Wednesday, November 16, 2011

Misleading Headline of the Day

"Waitress Says She Was Fired For Tea Party Bracelet"

Her story: "a couple dining at the restaurant did not like [her "Don't Tread On Me" bracelet] and asked for the manager"

Their story: "Geller was inattentive to diners at two tables"

Outside protesters' story: "a group rallied in front of the Outback Steakhouse, waving American and Gadsden flags and accusing the restaurant of violating her free speech rights"

The real story (based on my experience and knowledge of the hospitality industry): She's 23, so she probably has a 23-year-old's "flexible" sense of punctuality. She's snotty to some of the older waitresses and is generally perceived as not pulling her weight. She's had plenty of other complaints, and the manager has "coached her up" on a number of occasions, hoping she'll finally "get" what it means to be a good waitress.

That night, the customers probably said something a little mean about her bracelet, and she decided to pay them back in spades with lousy service.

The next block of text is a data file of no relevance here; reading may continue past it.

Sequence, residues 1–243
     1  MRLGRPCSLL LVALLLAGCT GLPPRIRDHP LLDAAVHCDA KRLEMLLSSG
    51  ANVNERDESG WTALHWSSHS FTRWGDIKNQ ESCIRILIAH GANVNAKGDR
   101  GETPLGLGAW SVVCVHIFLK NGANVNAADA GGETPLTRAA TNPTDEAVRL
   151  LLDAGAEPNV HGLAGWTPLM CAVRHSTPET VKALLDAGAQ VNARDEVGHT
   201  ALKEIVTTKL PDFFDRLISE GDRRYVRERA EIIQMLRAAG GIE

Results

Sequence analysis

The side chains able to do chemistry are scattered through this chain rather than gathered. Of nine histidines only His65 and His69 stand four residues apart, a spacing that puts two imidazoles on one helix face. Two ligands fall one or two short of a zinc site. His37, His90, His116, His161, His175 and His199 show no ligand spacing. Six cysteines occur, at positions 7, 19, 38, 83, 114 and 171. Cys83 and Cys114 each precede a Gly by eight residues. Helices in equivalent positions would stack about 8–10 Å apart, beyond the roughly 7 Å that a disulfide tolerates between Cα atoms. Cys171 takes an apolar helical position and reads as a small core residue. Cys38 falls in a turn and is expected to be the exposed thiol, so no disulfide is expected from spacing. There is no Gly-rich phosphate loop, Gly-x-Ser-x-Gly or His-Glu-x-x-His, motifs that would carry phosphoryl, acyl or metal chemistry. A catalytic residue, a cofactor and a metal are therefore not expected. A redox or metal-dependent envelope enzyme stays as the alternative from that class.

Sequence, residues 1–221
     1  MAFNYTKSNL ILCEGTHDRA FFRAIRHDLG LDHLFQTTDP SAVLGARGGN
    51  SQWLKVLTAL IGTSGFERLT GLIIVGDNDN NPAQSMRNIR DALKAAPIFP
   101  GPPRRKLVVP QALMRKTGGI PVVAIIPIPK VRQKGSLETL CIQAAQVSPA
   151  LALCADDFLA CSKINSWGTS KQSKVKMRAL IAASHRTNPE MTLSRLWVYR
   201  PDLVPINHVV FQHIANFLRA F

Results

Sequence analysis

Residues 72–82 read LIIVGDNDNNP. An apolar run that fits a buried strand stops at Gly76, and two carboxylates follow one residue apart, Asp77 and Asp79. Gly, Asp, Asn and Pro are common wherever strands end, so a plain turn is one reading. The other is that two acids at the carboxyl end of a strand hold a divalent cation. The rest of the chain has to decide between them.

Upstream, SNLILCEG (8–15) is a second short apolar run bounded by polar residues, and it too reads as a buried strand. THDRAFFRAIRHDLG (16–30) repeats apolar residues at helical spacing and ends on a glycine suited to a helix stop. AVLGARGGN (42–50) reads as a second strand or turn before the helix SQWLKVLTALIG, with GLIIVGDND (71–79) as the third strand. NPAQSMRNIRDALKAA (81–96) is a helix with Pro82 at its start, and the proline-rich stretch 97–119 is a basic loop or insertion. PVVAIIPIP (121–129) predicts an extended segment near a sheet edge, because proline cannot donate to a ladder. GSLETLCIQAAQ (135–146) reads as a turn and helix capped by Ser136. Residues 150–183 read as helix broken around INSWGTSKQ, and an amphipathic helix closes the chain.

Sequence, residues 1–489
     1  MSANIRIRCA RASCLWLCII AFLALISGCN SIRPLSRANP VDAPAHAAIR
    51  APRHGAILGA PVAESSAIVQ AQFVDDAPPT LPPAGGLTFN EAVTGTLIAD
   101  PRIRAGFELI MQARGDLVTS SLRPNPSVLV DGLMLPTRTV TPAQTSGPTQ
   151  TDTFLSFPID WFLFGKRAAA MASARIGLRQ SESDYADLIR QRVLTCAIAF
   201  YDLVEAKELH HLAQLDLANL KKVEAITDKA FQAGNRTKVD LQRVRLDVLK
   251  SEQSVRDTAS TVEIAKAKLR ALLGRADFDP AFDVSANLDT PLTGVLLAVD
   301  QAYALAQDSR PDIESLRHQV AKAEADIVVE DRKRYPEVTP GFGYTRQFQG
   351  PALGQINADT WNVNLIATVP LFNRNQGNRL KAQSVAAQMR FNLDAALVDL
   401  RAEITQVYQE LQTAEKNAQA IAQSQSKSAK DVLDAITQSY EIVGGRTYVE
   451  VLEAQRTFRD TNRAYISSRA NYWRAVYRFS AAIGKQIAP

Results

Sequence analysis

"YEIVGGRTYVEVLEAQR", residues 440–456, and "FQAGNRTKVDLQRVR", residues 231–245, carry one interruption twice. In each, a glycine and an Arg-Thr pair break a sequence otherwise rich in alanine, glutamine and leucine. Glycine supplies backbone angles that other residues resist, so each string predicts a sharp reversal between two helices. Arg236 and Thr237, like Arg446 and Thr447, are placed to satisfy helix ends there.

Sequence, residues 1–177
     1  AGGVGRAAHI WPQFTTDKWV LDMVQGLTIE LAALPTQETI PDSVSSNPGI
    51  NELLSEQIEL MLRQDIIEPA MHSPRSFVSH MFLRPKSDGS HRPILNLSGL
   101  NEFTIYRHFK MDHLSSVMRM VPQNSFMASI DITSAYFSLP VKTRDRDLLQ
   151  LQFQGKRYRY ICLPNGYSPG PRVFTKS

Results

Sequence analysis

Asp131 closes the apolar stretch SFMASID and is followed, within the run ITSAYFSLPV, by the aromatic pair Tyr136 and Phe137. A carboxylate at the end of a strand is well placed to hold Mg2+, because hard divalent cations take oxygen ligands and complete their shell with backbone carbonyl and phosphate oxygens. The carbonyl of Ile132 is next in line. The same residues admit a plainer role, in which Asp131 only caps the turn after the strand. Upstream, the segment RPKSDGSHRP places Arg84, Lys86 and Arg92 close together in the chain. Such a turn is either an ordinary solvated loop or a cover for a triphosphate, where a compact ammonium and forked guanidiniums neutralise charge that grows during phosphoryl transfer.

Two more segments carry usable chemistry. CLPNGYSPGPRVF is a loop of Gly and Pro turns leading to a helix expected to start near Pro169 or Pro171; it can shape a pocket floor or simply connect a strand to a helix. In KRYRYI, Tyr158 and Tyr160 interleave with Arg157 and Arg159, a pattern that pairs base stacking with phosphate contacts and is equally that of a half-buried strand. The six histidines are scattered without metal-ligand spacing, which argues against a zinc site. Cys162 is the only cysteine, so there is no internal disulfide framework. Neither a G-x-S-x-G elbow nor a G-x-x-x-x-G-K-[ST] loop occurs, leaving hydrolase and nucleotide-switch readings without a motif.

The manager decided this failure-of-a-waitress was no longer worth the trouble, and kicked her to the curb.

Morale among the waitstaff jumped 20 points.

Just my guess.

3 comments:

  1. I find it amusing that people think they own the jobs they have and should not ever be fired except for a strictly limited set of circumstances carefully monitored by the government. Where do they get that idea?

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  2. I would be surprised at someone at a popular middle class eatery being fired for having a symbol of a popular, middle class movement.

    I am also very surprised at the number of people who are impolite and snotty to those folks who have access to their food when they are out of the patron's view.

    I have found poor service to be fairly rare as I have always made it a point to be nice to service folks. It's happened but not so often as it seems to happen to others. And no, my gun hardly ever shows.

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  3. Peter - well, this gal was from Chicago, and manners tend to be more well-developed in your neck of the woods.

    Although you'll find plenty of kind hearts & friendly faces in the North, if you avoid the big cities.

    I grew up in a Wisconsin town where door-locking was considered optional.

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